Manufacturing center key for M’ville in ‘17, mayor says

MARYSVILLE – Looking ahead to 2017, Marysville Mayor Jon Nehring is most excited about the Arlington-Marysville Manufacturing Industrial Center, which could provide 10,000 jobs for the area.

Nehring said this could be the year that the Puget Sound Regional Council OKs the project, which has been in the works for three years. “We have an above-average chance” of approval, he said.

The mayor said infrastructure is taking shape for the area. A stormwater pond, public utility district substation, the widening of 172nd and the 156th interchange in 2025 are done or in the works.

Nehring said his vision is for residents to “live, work and play” in the community. He goes back to 2001 when he ran for City Council and was told while going door to door that people wanted more commercial, especially restaurants, so they didn’t have to go to Everett or further south to shop and eat.

“We want convenience of service in our own community,” he said they told him, adding that certainly has happened.

He also said, “Parks are at the top of their game,” adding to the town’s quality of life. He specifically mentioned the Spray Park and Opera House providing low-cost or free events.

But the one thing still lacking in Marysville is family wage jobs. Most of the new jobs are service-related. “We’re still a bedroom community,” he said.

If the industrial center happens, that doesn’t necessarily mean new people coming here. People living here now could get higher-paying jobs and not have to commute to work.

“That means more time with the family and community,” lower expenses and taking traffic off the freeway, he said. “We’re not importing people to Marysville,” but providing good jobs for college graduates and young families. “They can have great careers in their own community.”

Nehring is also excited about the south end of town, laying the groundwork for the Highway 529 bypass in 2019. Specifically, Third Street roadwork will be done, and a similar project on First Street will begin. Also, the trails in the Qwuoolt Estury will be finished.

Those projects are part of downtown revitalization. “They will make it more walkable and beautify it,” he said, adding he hopes the city will expand that area even more with a park to spark ecotourism.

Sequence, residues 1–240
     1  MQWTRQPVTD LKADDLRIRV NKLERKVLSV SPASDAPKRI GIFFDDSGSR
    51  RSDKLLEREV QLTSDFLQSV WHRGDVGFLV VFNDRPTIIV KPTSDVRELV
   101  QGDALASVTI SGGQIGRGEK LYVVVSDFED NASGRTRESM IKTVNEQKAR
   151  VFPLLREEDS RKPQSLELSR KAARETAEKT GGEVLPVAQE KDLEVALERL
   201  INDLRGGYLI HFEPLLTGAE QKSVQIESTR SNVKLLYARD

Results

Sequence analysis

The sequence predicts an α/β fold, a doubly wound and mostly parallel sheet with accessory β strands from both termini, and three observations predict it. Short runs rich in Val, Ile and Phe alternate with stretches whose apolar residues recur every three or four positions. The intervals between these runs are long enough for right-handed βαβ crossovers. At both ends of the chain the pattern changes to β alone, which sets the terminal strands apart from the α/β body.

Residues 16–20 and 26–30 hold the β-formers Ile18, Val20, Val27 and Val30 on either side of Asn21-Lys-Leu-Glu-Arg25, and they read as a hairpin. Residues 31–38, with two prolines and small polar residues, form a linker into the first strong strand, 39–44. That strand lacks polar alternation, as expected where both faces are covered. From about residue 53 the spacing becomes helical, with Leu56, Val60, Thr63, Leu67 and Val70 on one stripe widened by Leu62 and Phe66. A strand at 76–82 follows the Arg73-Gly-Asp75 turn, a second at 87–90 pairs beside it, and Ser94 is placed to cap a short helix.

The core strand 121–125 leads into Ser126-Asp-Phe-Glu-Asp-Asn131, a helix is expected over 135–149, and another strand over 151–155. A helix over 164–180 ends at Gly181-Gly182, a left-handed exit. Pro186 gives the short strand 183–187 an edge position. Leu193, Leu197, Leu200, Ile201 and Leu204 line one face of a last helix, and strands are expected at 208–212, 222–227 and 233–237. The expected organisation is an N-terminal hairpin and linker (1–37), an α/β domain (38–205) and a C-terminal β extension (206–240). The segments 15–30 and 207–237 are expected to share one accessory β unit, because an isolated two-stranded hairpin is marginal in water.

Before the park expands, funding for a new Public Safety Building needs to be approved. Staff is working on cutting the costs of a consultant’s recommendation.

“There were some bells and whistles,” the mayor said. He mentioned the kitchen and dining area. “This isn’t for long-term enjoyment,” he said.

Nehring said inmates can only be housed there for up to 90 days. He also said the consultant’s recommendation was too big. Projecting out up to 30 years, he said they only need about 40 beds a day.

As part of that, the city needs to decide if a fire station would be part of a new safety building. That certainly would be part of the discussions involving Regional Fire Authority talks between Marysville, Arlington and Fire District 12.

Regarding city departments, Nehring said Marysville cut 10 percent of its staff during the recession. “We’ve done more with less, but we’re trying to add back responsibly,” he said.

The mayor said every year the city hires a few more officers to try to keep pace with growth. Community Development is another department in need to staff. “We need to get permits through,” he said.

One thing Nehring appreciates about city staff is its experience. “It’s critical” to the city’s success, he said, adding, “You lose that on the day to day.”

For example, there have been no problems with audits in the city for years. A veteran-laden staff is key to that, he said. “People want to stay here,” Nehring said.

Beyond 2017, Nehring said he has hopes of one day connecting the Bayview Trail to the Centennial Trail. Regional and state grants could be possible for that project.

Another long-term “dream” of his is to add synthetic turf to Strawberry Fields and Cedar Field so sports could be played year-round. Nehring said tournament-level facilities bring in tourism dollars. “There’s just a lot going on,” he said.

MIC at a glance

•25,000 jobs by 2040

•High rents elsewhere, demand for industrial space, could lead business here

•156th St. NE was extended east of Smokey Point Blvd. for a new 115-bed behavioral health facility, opening up access to undeveloped land.

•That road will be further developed at 51st north to a new 160th St. NE, which returns to the boulevard.

•A tax break has been OK’d for businesses that land here, as long as they meet certain conditions.

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